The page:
Depression/New Deal, World War II, and the 1960s civil rights movement.
In the chapters that follow, all of this becomes clear. For the bishops, the changes
in the state impacted what they had planned to do. In Bishop Gunn's case, for
example, he built churches and was concerned with his congregations' accessibility
to these churches. But he was also very much in the forefront of confronting the
issue of black clergy within the South, especially Mississippi, strongly supporting
St. Augustine's Seminary.
Bishop Gerow, on the other hand, steered clear of politics except in those
instances where he was asked to cooperate or where he thought the church's position
was being infringed upon. As for race, his abhorrence of violence was so intense
that he accepted the status quo until the Medgar Evers assassination. Then he, too,
changed his position. Finally, Bishop Joseph Brunini directly got involved in what
was going on, particularly in the areas of school integration and social justice. He
encouraged the aging Bishop Gerow to announce his 1964 and 1965 school
integration policies. Also, Bishop Brunini was one of the founders and leaders of
the Mississippi Religious Leadership Conference and committed the Mississippi
Catholic Church to taking an active role in the political, economic, and social life
of the state in which the church resided and of which it was very much a part.
How all this happened, the costs involved, and the long-term effects these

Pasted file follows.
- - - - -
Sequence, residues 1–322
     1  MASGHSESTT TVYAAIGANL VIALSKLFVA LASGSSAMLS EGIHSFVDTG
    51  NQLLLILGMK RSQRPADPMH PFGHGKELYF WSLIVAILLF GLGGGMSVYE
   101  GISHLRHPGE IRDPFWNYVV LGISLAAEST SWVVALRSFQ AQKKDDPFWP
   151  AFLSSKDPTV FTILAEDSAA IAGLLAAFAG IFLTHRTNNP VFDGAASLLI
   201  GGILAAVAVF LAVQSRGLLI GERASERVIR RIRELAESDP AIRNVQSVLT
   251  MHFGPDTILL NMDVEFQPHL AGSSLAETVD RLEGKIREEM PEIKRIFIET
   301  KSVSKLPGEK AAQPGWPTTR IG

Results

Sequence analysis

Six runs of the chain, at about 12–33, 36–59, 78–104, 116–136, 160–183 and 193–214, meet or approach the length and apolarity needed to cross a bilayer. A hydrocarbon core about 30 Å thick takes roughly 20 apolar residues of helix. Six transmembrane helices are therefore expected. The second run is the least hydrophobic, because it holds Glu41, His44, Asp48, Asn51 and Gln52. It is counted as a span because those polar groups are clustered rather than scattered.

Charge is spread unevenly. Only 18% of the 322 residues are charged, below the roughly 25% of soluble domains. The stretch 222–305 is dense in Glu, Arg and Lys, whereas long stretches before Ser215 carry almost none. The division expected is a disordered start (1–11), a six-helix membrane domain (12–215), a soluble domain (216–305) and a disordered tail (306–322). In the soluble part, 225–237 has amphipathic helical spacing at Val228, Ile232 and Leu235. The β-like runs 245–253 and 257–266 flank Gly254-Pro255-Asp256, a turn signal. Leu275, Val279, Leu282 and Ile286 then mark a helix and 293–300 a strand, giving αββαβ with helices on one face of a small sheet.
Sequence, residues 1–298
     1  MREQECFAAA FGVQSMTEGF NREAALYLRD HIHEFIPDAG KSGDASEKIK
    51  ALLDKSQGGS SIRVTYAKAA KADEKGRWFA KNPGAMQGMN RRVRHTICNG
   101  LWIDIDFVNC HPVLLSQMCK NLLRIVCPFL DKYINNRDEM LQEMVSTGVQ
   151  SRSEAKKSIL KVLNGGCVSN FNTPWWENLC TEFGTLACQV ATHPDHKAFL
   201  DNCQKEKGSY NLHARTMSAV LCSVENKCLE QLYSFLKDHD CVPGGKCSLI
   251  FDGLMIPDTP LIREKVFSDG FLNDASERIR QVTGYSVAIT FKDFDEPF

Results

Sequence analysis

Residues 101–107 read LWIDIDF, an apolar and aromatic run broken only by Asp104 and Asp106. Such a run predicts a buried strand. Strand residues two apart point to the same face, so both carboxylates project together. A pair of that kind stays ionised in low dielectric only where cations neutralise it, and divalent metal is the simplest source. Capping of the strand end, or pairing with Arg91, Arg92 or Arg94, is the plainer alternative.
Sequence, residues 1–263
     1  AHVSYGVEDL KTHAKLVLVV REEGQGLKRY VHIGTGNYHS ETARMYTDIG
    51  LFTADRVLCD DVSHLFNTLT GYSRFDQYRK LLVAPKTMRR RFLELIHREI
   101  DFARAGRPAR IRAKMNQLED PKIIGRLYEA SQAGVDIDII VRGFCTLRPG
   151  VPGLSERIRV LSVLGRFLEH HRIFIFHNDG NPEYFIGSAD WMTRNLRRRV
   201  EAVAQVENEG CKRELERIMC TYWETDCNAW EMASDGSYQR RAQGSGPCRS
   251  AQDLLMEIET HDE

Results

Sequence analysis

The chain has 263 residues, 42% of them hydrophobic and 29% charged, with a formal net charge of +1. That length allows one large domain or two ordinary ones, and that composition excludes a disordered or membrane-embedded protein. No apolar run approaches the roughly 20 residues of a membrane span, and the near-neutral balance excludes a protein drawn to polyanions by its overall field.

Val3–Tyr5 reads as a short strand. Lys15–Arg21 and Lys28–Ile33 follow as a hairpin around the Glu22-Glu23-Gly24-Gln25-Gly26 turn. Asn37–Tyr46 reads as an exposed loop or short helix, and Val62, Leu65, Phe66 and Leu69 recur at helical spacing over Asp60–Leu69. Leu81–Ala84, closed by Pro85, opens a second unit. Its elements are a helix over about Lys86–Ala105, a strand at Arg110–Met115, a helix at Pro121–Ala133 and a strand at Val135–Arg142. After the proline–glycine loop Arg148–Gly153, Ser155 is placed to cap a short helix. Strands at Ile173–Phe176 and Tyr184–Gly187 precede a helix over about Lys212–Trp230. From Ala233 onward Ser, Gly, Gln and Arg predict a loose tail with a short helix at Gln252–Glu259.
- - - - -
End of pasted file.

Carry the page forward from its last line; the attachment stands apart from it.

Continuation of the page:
developments had are the subject of what follows in Part I.
See, for example, Neil McMillen, Dark Journey: Black Mississippians in the Age of Jim
Crow (Champaign: University of Illinois Press, 1989); The Citizens' Council: Organized
Resistance to the Second Reconstruction ( Urbana: University of Illinois Press, 1994).
See Richard McLemore, ed., A History of Mississippi, 2 vols. ( Jackson: University
Press of Mississippi, 1973); James Cobb, The Selling of the South, 2d ed. ( Urbana: University of Illinois Press, 1993).
Twelve Southerners, I'll Take My Stand ( Baton Rouge: Louisiana State University
Press, 1973 reprint).
See, for example, David Sansing, Mississippi: Its People and Culture ( Minneapolis: T.
S. Denison, 1981); Ray Skates, Mississippi: A Bicentennial History ( New York: Norton, 1979).
James Cobb and
Michael Namorato, eds., The New Deal and the South ( Jackson: University Press of Mississippi, 1984); Roger Biles, The South and the New Deal
( Lexington: University of Kentucky Press, 1995).
George Tindall, The Emergence of the New South, 1913-1945 ( Baton Rouge: Louisiana
State University Press, 1967), Chapters 16-20; Charles Roland, The Improbable Era: The
South since World War II, rev. ed. ( Lexington: University of Kentucky Press, 1976), Chapter
Emory Hawk, Economic History of the South (Westport, CT: Greenwood Press, 1973 reprint), Chapters 16-17.
David Goldfield, "The South," in
Stanley Kutler, ed., Encyclopedia of the United States
in the Twentieth-Century ( New York: MacMillan Library Reference, 1996), pp. 61-77; David Sansing, Making Haste Slowly: The Troubled History of Higher Education in
Mississippi ( Jackson: University Press of Mississippi, 1990).